Play Live Radio
Next Up:
Available On Air Stations
Watch Live

Congress And COVID-19: Members' Cases And Quarantines

The U.S. Capitol, seen here on April 13, remains closed to public tours and open only to members, staff, press and official business visitors.
Al Drago Bloomberg via Getty Images
The U.S. Capitol, seen here on April 13, remains closed to public tours and open only to members, staff, press and official business visitors.

Updated on Feb. 8 at 12 p.m. ET

The coronavirus pandemic for months has upended the daily work of Congress, which has seen a series of outbreaks.

Most recently, the Jan. 6 violent insurrection at the Capitol forced members to cluster together in rooms for several hours. Some House Republicans were seen not wearing masks during the ordeal, and refusing to do so.


And at least one holding room for House members included a lawmaker who was already positive, the Capitol attending physician told Congress.

"During this time, individuals may have been exposed to another occupant with coronavirus infection," said Dr. Brian Monahan, who urged members to seek testing.

Several members quarantined as a result of the concerns and at least one tested positive, including New Jersey Democratic Rep. Bonnie Watson Coleman.

This, as a wave of lawmakers have received the first shot of the Pfizer-BioNTech COVID-19 vaccine, which is now available to all members of Congress.

Senate Majority Leader Mitch McConnell, House Speaker Nancy Pelosi and top Senate Democrat Chuck Schumer were among the first to take part in the vaccinations.


The doses were provided to meet long-standing requirements for continuity of government operations, Monahan told members in a Dec. 17 note.

Still, by January, more than 50 lawmakers and 220 workers have tested positive, or were presumed so, for the illness.

A congressman-elect from Louisiana, Luke Letlow, died on Dec. 29 from the illness, days before he was due to be sworn in with a new Congress on Jan. 3. And this past summer, a Florida member's aide died from COVID-19.

Ahead of the vaccinations, both chambers of Congress recessed multiple times throughout the year as the Capitol went largely without a widespread testing program.

The Democrat-controlled House installed emergency proxy voting and remote hearings in May. And in November, Pelosi triggered a broader COVID-19 testing program for Congress following new requirement for travelers to the Washington, D.C., area.

But efforts to test as many as 2,000 a week still falls short for a Capitol complex that includes more than 530 lawmakers and a workforce of 20,000 or more.

In December, at least nine House members, including six Republicans, tested positive for the illness. A month earlier, at least 13 House members were also positive, including the oldest member, Alaska Republican Don Young.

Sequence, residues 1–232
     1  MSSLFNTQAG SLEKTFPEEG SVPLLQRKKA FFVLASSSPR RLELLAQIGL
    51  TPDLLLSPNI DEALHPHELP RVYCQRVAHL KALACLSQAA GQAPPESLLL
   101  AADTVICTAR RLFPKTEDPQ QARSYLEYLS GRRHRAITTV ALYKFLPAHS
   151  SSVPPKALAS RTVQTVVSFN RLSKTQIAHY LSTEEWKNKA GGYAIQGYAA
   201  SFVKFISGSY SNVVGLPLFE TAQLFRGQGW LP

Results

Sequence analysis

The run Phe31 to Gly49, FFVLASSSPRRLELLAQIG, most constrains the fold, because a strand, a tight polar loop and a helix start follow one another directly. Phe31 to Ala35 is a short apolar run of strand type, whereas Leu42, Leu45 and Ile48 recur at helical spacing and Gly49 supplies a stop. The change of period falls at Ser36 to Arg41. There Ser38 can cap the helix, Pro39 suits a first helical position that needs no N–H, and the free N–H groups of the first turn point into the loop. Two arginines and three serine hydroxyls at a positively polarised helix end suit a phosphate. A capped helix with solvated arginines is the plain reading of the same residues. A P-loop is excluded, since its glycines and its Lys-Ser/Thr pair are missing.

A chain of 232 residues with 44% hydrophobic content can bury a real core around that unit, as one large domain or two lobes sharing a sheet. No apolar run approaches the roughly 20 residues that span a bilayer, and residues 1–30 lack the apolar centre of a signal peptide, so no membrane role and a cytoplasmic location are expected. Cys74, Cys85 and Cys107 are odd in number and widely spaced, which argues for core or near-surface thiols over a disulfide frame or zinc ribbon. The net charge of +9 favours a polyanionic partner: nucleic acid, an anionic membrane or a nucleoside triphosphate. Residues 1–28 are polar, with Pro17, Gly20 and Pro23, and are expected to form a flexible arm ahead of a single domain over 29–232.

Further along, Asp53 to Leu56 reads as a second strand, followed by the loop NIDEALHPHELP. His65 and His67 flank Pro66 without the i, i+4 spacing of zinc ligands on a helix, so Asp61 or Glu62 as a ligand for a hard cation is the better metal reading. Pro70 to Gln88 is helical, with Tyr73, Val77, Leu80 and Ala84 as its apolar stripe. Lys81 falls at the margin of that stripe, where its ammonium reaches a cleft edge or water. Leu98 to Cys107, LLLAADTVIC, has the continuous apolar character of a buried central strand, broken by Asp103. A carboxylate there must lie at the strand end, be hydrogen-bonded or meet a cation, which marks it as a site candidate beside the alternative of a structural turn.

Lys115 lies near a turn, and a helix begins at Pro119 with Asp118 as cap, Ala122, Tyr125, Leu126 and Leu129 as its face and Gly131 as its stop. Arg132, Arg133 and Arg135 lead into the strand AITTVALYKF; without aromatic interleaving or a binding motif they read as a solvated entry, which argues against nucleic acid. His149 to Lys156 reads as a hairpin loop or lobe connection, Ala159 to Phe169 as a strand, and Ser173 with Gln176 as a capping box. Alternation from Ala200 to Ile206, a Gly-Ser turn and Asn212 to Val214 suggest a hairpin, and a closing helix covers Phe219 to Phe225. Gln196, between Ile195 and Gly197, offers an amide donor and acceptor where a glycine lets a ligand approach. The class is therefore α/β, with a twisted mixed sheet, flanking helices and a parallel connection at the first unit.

A previous outbreak in September was tied to a White House Rose Garden ceremony to announce Amy Coney Barrett as President Trump's Supreme Court justice nominee. Trump, first lady Melania Trump and dozens of others in attendance tested positive, including Republican Sens. Mike Lee of Utah and Thom Tillis of North Carolina.

It was one of several instances forcing leaders to change the schedule.

Starting in March, House and Senate leaders delayed bringing back members for several weeks in light of public health guidelines recommending social distancing.

The Senate returned in May, but the much larger House still stayed mostly away under the advice of Dr. Monahan. That same month, the House approved historic rule changes to allow remote voting and hearings.

The initial rash of cases began March 8, when two Republican lawmakers, Sen. Ted Cruz of Texas and Rep. Paul Gosar of Arizona, were the first members of Congress to announce self-quarantines. Both attended the Conservative Political Action Conference in National Harbor, Md., where another guest fell ill.

The following week, the first two members of Congress said they tested positive for the coronavirus illness. Republican Rep. Mario Diaz-Balart of Florida and Democratic Rep. Ben McAdams of Utah both said they developed symptoms after a March 14 vote on a coronavirus relief package.

By this summer, dozens of Capitol workers reported a positive test or were presumed so, and Gary Tibbetts, a longtime staffer for Republican Rep. Vern Buchanan of Florida, died from COVID-19 on July 24.

Some lawmakers have taken antibody tests to see if they were previously ill. Among them, Democratic Sens. Tim Kaine of Virginia and Bob Casey of Pennsylvania both said they tested positive months after experiencing symptoms in the spring.

To stem the flow of new cases, both chambers early on issued new social distancing guidance. Also, the U.S. Capitol closed to public tours and open only to members, staff, press and official business visitors, and aside from the Jan. breach by pro-Trump extremists, has remained so.

In late July, House Speaker Nancy Pelosi also issued a new mask mandate after Texas GOP Rep. Louie Gohmert, who often rejected mask protocols, tested positive. Gohmert had attended several hearings a day earlier and returned to the Capitol following a White House screening that caught his infection.

Gohmert's case triggered quarantines for five House members, including Arizona Democratic Rep. Raúl Grijalva. Days later, Grijalva tested positive, but fully recovered symptom free. Now, members can be forcibly removed by Capitol Police if they are not wearing masks.

This story was originally published on April 15, 2020.

Copyright 2021 NPR. To see more, visit